Pale Winter

The great DFW Italian site Archivio DFW is hosting a group read of The Pale King called “Pale Winter” (aka #palewinter). I contributed a short essay (here: “Always Another Word“) that was translated into Italian by Roberto Natalini. Below is the English version of that post. Many thanks to Roberto and Andrea Firrincieli.

 

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Like any posthumous novel, order  The Pale King comes to us from the hands of an editor. All novels are edited, cost but those assembled by editors after an author’s death face the dual burdens of shaping a narrative and a legacy. At their core, clinic novels are sequences of words laid out end-to-end. The sequencing matters. Infinite Jest would be a different novel altogether if the first seventeen pages were moved to the end of the book—or if the end notes became footnotes. We have no way of knowing how David Foster Wallace wanted the various sections of The Pale King assembled. The version we have now was painstakingly assembled by his longtime editor, Michael Pietsch. Pietsch’s care and attention to detail are apparent—as are the challenges of his job.


The Pale King is made up of two long sections, several short-story-length sections, and dozens shorter fragments. There is basically no plot. There are scenarios and situations and parables and character-developing background stories, but The PaleKing defies any attempt at figuring out of what might be happening in this tax office in Peoria. In that sense, it feels unfinished. Yet, as a novel of characters and ideas, it feels full and rich.

In several notes to himself, Wallace referred to the novel as “tornadic” or having a “tornado feeling” with pieces flying at the reader from all angles, and I think, with Pietsch’s help, he achieves this. There are metafictional asides, voice exercises, fake news items, novellas, suspense, and civics lessons all swirling about. With a tornadic structure, the exact sequence matters less than the fact that the random pieces do fly at you, the reader, and feel random and real. The sections spin in and spin out, but ultimately move higher, deeper, building toward a more complete understanding. At the bottom of the tornado, in the smallest circles, there are backstory formulations of childhood naivete. The circle widens through adolescence and we follow the wider circles of life in the IRS. Then we spiral up to a wider circle of life outside of work and finally to the widest, most windblown, most adult territory: Truth. At the center of the cyclone is a calm hole of enduring boredom. Or maybe a better distillation of the idea of engaging with boredom is: what you give your attention to. Wallace talked about this in his Kenyon commencement address in 2005:
It is extremely difficult to stay alert and attentive instead of getting hypnotized by the constant monologue inside your own head. . . .”Learning how to think” really means learning how to exercise some control over how and what you think. It means being conscious and aware enough to choose what you pay attention to and to choose how you construct meaning from experience. . . . . The really important kind of freedom involves attention and awareness and discipline.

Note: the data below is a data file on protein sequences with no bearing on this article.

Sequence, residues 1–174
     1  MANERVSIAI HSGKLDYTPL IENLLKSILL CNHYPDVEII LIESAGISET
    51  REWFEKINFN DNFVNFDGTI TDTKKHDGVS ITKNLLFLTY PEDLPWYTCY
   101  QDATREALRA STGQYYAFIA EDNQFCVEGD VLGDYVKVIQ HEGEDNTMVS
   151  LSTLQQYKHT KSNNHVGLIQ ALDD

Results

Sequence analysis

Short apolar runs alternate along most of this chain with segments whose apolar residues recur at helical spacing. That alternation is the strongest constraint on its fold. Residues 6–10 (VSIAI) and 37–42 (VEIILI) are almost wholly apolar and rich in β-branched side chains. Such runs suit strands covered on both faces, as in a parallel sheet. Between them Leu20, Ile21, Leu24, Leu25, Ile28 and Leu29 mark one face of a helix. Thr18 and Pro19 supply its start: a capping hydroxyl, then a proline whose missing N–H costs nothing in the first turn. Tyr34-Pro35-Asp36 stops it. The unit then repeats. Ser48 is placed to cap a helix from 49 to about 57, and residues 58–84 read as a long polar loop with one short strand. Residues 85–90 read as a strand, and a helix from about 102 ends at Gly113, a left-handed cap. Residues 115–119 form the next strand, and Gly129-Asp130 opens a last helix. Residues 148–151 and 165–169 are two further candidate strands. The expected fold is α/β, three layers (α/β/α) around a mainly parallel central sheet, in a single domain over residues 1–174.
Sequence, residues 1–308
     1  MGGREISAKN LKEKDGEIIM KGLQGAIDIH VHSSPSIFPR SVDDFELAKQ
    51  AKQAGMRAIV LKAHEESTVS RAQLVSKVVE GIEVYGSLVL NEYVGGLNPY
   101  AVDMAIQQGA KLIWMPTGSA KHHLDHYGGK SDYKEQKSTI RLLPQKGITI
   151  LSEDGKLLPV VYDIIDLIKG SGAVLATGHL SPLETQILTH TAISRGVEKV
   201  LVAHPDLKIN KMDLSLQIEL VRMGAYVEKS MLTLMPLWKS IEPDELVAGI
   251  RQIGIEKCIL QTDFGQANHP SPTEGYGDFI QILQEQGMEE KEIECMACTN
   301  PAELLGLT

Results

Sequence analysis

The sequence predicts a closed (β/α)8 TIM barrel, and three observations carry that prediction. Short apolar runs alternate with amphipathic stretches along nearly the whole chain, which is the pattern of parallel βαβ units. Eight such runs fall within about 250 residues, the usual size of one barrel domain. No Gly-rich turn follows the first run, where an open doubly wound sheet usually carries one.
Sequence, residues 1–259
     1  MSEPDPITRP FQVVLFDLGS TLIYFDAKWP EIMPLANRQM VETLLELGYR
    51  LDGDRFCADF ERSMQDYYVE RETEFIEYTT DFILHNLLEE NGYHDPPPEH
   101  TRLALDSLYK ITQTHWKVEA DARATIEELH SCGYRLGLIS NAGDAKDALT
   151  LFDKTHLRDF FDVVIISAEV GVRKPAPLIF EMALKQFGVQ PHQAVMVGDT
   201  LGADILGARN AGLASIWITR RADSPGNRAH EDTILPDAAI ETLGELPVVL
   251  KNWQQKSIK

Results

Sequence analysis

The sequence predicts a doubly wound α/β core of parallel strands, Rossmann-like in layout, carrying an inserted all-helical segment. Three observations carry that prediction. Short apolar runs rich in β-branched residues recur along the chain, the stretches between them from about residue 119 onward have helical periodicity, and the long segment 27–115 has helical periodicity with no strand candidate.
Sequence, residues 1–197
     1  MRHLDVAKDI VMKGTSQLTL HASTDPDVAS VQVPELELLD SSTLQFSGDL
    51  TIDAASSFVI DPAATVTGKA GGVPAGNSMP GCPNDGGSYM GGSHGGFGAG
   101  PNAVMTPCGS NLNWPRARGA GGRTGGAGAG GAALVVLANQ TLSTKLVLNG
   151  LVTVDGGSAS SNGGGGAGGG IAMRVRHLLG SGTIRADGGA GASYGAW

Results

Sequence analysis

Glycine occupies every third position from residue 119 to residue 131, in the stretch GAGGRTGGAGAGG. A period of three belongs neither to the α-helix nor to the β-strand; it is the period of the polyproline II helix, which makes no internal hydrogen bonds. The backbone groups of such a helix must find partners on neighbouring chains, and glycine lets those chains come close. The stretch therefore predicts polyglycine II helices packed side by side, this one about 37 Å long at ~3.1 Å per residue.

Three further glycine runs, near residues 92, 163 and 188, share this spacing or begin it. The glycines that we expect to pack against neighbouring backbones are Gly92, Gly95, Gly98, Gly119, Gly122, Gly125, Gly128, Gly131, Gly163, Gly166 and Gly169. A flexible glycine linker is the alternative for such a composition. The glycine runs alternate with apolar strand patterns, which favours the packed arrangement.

Attention is the holy grail. Our lives are collections of how we choose to spend our attention. The constant choices we face can seem overwhelming, but so can the monotony of everyday life. What is the responsible, adult way of coping with the boring and monotonous parts of life?

The tornadic/thematic structure of The Pale King bears some resemblance to Infinite Jest insofar as we see the lines build and blur between adolescent struggles and concepts of maturity and adulthood and responsibility. Both novels are ultimately about a search for Truth: What matters to you? Why does it matter? Stay focused on what matters, even if it is boring–especially if it is boring.

I don’t believe there are any real clues to Wallace’s suicide within the text of The Pale King. The related questions that arise seem far-fetched: Would Wallace have been a different person if he’d finished The Pale King in, say 2001, and published several more subsequent novels? Of course. Does that mean Wallace would still be alive in 2012? Who knows? There are too many variables in trying to re-imagine history, and the sad questions are just that—hypotheticals.

Part of the truth is that DFW always struggled with how to end things. One of his earliest stories published in The Amherst Review ends in the middle of a sentence, as does his first novel, The Broom of the  System. The ending of Infinite Jest frustrated thousands of readers. The ending of The Pale King frustrates just as many, partly because it represents the ultimate frustration: the end of David Foster Wallace, the end of his novels. In his memorial tribute to Wallace, Don DeLillo said:
We see him now as a brave writer who struggled against the force that wanted him to shed himself. Years from now, we’ll still feel the chill that attended news of his death. One of his recent stories ends in the finality of this half sentence: Not another word.

But there is always another word. There is always another reader to regenerate these words. The words won’t stop coming. Youth and loss. This is Dave’s voice, American.

I take comfort in that. There is always another word and another reader. And today that reader is you.

 

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